A new Environmental Protection Agency report states that global warming is likely to increase unhealthy smog pollution that damages lungs.
At the same time, the EPA has determined that the value of a human life is worth about $900,000 less than it had estimated just five years earlier. That means, at $6.9 million per life, the cost-benefit analysis associated with new pollution regulations is likely to weigh the costs more heavily than the benefits.
The findings about smog, "quietly published," according to Reuters, suggest parts of the Mid-Atlantic, Northeast and lower Midwest could experience more concentrated ozone, and a longer duration of smog season, due to higher temperatures. That's no surprise, really, since ozone, the main component of smog, forms when pollution fro tailpipes and smokestacks reacts in heat and sunlight.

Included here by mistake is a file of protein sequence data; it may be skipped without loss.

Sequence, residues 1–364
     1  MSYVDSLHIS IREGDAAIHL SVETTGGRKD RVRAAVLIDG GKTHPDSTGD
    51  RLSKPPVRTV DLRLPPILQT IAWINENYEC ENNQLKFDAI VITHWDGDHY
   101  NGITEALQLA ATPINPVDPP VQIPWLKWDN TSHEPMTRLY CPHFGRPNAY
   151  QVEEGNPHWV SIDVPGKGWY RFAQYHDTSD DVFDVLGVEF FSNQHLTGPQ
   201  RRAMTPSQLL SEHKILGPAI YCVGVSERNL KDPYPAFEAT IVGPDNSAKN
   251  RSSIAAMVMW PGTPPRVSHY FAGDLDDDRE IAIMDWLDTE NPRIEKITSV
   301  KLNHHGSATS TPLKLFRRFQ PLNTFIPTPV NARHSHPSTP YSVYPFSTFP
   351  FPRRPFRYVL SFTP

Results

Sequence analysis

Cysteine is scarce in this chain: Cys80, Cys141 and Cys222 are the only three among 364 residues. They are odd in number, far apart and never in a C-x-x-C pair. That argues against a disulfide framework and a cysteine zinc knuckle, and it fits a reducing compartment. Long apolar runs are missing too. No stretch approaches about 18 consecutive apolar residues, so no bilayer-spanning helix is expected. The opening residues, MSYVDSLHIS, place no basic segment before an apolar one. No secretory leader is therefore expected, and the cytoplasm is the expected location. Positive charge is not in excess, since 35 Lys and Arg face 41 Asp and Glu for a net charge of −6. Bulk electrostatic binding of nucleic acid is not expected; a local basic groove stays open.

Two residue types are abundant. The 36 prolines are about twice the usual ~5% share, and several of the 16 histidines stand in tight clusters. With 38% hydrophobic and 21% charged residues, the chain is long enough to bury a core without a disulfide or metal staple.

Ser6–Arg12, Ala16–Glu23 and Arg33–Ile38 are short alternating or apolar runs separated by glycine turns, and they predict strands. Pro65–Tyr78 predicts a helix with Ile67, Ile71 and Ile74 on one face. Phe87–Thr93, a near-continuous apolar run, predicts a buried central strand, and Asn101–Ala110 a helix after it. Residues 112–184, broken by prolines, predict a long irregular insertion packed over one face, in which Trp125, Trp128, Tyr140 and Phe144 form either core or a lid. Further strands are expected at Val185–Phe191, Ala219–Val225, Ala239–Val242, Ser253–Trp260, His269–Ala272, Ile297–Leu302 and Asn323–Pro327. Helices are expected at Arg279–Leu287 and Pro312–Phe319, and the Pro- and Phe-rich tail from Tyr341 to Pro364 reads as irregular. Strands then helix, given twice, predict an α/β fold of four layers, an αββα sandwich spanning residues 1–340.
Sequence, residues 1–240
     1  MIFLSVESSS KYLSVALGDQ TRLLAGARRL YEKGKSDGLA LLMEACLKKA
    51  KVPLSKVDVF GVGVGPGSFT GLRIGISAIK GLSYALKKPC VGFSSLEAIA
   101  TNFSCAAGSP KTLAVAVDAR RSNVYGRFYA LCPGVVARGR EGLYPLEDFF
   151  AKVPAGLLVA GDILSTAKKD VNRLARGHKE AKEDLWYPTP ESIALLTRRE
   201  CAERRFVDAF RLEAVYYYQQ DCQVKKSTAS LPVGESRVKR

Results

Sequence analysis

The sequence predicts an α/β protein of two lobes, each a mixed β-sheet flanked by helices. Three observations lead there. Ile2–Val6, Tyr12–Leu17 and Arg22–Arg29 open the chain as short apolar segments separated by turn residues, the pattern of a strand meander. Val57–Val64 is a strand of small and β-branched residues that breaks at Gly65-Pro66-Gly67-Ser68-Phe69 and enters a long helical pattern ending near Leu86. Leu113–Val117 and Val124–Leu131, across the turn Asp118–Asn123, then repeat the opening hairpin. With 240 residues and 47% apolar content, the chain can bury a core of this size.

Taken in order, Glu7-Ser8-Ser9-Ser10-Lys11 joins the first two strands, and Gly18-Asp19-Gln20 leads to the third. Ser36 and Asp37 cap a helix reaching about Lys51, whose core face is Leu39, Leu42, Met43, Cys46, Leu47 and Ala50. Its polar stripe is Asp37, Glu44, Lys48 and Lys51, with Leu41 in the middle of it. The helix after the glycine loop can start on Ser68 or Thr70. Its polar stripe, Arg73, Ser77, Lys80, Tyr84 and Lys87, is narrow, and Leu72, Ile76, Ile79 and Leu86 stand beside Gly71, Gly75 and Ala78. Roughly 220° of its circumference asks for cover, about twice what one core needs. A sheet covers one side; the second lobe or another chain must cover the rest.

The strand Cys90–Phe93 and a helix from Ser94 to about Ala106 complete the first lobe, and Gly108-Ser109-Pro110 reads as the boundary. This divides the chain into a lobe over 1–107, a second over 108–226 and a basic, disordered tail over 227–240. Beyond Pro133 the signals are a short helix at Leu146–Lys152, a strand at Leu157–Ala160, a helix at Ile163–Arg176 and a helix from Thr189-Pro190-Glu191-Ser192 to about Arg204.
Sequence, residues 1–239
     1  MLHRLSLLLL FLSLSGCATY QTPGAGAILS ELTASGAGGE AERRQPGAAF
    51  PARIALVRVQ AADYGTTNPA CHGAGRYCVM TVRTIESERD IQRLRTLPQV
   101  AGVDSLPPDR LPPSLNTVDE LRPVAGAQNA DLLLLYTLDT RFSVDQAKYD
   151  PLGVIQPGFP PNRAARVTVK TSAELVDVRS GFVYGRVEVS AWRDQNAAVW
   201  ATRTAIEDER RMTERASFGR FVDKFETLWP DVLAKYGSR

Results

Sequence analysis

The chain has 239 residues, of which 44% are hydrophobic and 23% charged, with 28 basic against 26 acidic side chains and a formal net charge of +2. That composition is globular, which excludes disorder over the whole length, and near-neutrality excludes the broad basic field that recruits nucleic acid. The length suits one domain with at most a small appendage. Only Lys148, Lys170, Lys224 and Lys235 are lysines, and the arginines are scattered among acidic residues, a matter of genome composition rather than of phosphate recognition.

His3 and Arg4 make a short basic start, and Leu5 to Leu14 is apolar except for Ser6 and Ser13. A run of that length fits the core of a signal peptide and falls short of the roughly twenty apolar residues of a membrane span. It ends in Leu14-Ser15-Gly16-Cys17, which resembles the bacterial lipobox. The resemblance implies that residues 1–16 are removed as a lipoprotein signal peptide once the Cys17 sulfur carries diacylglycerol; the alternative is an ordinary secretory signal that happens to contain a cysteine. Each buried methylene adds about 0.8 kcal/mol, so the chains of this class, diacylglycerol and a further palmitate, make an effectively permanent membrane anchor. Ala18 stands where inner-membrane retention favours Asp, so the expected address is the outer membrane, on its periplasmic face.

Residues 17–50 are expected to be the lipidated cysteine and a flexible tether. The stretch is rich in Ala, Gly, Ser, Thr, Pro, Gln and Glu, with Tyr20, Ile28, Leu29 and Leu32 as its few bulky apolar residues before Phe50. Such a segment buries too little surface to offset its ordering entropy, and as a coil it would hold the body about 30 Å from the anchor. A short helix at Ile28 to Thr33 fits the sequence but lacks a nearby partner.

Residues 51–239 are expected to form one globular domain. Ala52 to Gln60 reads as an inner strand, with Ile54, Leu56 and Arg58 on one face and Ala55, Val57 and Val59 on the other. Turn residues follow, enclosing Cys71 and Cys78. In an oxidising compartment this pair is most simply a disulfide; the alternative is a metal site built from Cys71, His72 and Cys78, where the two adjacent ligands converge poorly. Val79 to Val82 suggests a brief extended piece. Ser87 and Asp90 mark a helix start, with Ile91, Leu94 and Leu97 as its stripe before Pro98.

The findings about the declining value of a human life in the eyes of the EPA weren't publicized at all. They were uncovered by an Associated Press analysis of the EPA calculations that it uses to assess the cost-benefit of environmental regulation.
A recent National Research Council report found, bluntly, that ozone is deadly even at current levels in many areas.
That National Research Council report dealt explicitly with the EPA's mission of protecting human health from environmental pollution, and suggested that the increased health risks associated with ozone may mean that the EPA had undervalued the benefit of reducing pollution.
Now, it seems that the agency is undervaluing human life, as well.
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